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Can leading a camporee, hosted by a Troop, (and 4 months preparation leading up to it, count as a Position of Responsibility for a Scout?

Can leading a camporee, hosted by a Troop, (and 4 months preparation leading up to it, count as a Position of Responsibility for a Scout?

Leadership projects, approved by the Scoutmaster, are permitted to satisfy PoR requirements for Star and Life. They can not satisfy the PoR requirement for Eagle. The handbook verbiage is pretty clear on that. It doesn’t say that a Scoutmaster must approve any leadership project as an alternative to holding a PoR.

Generally speaking, if a scout wants to use a project in lieu of holding a PoR to satisfy the requirement, I recommend that he or she approach the Scoutmaster for general acceptability, then work out a detailed plan of what the Scoutmaster will expect in terms of action by the scout as part of that role in order to accept it in lieu of holding a PoR.

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In my Troop “No” if just leading. Total Planning and leading then perhaps. Had A Scout do this for a Wilderness Survival Campout and he worked with a former SM for a good period of time to get it worked out.

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Like any PoR, being a figurehead wouldn’t (shouldn’t?) count. It’s the four months of prep work that brings it to the level of an SM-approved service project.

In short, the answer lies in the SM. It says, SM Approved project. Thus is it completely up to the SM. For this SM, it would depend on the totality of what this enticed. If this mean the scout was the MC - no. If the scout was heavily involved in the planning and coordination than yes. I would expect more for Life then for Star.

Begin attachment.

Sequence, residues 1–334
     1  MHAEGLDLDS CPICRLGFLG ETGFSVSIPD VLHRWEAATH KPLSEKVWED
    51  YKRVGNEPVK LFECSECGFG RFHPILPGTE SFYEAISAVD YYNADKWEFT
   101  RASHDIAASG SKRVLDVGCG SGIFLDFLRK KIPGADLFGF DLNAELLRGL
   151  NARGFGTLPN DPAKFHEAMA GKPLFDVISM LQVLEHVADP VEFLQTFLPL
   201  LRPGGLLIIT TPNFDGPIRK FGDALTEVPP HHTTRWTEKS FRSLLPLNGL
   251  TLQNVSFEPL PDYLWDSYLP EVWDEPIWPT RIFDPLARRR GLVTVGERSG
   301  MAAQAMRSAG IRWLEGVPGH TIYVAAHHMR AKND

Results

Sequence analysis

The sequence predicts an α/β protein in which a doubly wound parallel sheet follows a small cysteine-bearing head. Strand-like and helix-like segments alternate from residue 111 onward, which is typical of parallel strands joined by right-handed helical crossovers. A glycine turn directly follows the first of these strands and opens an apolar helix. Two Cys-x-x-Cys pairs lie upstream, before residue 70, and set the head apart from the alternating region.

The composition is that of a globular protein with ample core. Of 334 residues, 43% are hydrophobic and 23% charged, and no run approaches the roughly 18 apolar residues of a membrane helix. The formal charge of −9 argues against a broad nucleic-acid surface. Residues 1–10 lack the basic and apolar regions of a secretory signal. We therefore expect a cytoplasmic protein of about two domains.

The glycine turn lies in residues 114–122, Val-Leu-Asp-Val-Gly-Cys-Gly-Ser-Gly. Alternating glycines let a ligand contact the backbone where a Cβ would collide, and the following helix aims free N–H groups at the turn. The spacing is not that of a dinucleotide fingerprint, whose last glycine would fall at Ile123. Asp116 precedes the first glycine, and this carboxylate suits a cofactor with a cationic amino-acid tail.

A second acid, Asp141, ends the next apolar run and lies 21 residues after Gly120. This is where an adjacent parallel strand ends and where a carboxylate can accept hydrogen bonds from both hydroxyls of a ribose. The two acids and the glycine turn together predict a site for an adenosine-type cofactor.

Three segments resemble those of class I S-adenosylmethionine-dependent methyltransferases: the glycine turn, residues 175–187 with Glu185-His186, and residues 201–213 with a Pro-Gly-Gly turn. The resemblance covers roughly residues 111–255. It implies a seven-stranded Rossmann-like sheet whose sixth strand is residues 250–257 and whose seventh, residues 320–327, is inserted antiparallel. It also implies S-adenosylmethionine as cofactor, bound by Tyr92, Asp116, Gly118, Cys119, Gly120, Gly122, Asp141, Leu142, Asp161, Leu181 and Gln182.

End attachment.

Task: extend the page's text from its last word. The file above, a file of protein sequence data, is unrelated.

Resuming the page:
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Since a PoR must be held for 4 months for Star and 6 months for Life, I guess this is technically correct. But, we all know that for some scouts their really challenging PoR comes to them as a 1st class scout, and the easier PoR (at least for that scout) comes once they’ve earned Star. For me, being a PL was far more demanding than when I later became an SPL/ASPL.

Generally, I see PoRs as tools that extend the patrol method. There’s a job to do, so somebody’s got to do it. In our troop, we try to expect more from older boys in any given PoR than we do from younger boys in any given PoR. But, age doesn’t always map to rank advancement.

I see service projects as a tools that extend the leadership development method, so if a scout does really well on the first one, it kind of makes sense to ask him to do a more challenging one the second time around (regardless if if he’s doing it for advancing the next rank). But, maybe the scout barely pulled off the last one. It might be a good idea to not throw down a more difficult challenge, but rather, review what went well, what didn’t go so well, and what the scout would like to do differently, and give him a very similar project where the scout can concretely apply lessons learned.